The Nihilist perspective is different, but is just as depressing if examined. The belief can basically be boiled down to the fact that life has no inherent meaning and that everything was created by accident, and that this makes life all the more valuable to us and is why we should cherish it (Note: Since I know this can be a sensitive topic, I am not going to claim I speak for anyone on the idea of these beliefs and will clarify that these are my own interpretation of what they mean).  The reason why that is even more depressing is that this means that those of us who feel trapped in a life that we feel provides us nothing have no hope of salvation and no reason to go on, and thus that we are suffering for nothing.

As a result, it becomes clear that the key to living a good life is to avoid questioning or asking about the purpose of your existence, and instead find your own reason to exist and to keep living. The main theme of Nier Automata is to break free from the idea that life has a purpose and that you need to do what was assigned to you by a higher power. Both the androids and the machines were created by a higher power, similarly to how humanity may have been created by a higher power. Both the androids and the machines try to imitate human behavior, despite a lack of an understanding of it, because the diversity of human life makes them more appealing than acting as a machine with one single purpose (and more appealing to the machines than imitating their non sentient “plant like” alien creators). The game’s E ending all but confirms that this is the main theme of the game, but I dare not spoil that. I am very tempted to say that Nier Automata has the greatest story out of any video game I have ever played, and that is really saying something. I cannot think of any other game storyline that simultaneously carries as much excitement, emotion, and thematic depth as Nier Automata.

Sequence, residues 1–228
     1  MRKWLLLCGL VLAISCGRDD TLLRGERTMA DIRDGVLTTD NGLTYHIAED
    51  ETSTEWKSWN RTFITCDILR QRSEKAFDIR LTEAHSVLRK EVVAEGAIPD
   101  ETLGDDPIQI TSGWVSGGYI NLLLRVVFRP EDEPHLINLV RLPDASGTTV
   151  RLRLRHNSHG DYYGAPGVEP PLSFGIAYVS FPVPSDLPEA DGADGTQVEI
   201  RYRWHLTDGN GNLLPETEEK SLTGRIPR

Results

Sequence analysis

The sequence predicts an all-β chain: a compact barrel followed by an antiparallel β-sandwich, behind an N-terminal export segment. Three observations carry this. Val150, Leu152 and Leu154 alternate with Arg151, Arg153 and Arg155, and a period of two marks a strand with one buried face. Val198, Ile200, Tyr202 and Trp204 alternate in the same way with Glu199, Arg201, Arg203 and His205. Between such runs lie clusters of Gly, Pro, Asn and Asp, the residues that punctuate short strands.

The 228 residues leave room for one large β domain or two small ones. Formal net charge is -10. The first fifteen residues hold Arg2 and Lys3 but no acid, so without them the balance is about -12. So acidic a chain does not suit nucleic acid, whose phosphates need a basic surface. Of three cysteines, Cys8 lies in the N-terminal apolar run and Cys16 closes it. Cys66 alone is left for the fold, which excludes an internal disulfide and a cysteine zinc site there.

Graphics wise, Nier Automata looks amazing, but that is generally to be expected of a AAA title. The character and level designs all look interesting and unique, and there is a lot of attention to detail involved in the graphics themselves. One thing I noticed early on in the game was that treasure chests found in the desert are buried about halfway up and don’t simply reuse the same model as every other chest. I do not have much else to say simply because I am unfamiliar with what the current technical standards are for AAA graphics, and because I also don’t care. All I can say is that Nier Automata looks amazing artistically.

There are a few problems that I have pertaining to the visuals though. The first of these is the amount of invisible walls that this game has. In order to set boundaries, there are a lot of areas that appear to be open and that the player should be able to enter, but are blocked by invisible walls because a playable area was not actually programmed, yet graphics were. I understand that even AAA titles cannot afford to program an entire in game planet from scratch, but there is a simple solution to this; if the player can’t go somewhere, don’t design a map that makes it look like they can. Additionally, do not add platforms that the player cannot stand on and will slide off of if they try to. This is made even more jarring due to how inconsistent it is. There were points where I was able to pass through two bushes that had about half a foot of distance open, but there were others where I could not enter an area that had no visible barrier.

The other visual issue that this game has is its camera. There have been way too many instances of the camera getting stuck at weird angles or deciding to auto pan in certain directions during boss fights. The most egregious example I can think of is during the battle with Simione. Like many action games, Automata uses a look on system that will allow you to automatically aim towards and target a specific enemy. The problem is that, unlike most games, it is overly annoying to change the target you are locked on to. I could not count the amount of times where I was trying to attack an enemy, but the camera would not lock onto a different enemy even though it was twenty feet away and the one I wanted to attack was right in front of me. Additionally, the camera can often end up getting locked on to harmless moose or boars that soak up damage while I am trying to target the machine that is actively trying to kill me and can be beaten in two hits. This has been proven to be even worse during boss fights since the camera will occasionally auto-pan in directions where you will not be able to see bosses coming.

On normal difficulty the camera is only a minor annoyance, but on hard it will result in a lot of cheap deaths.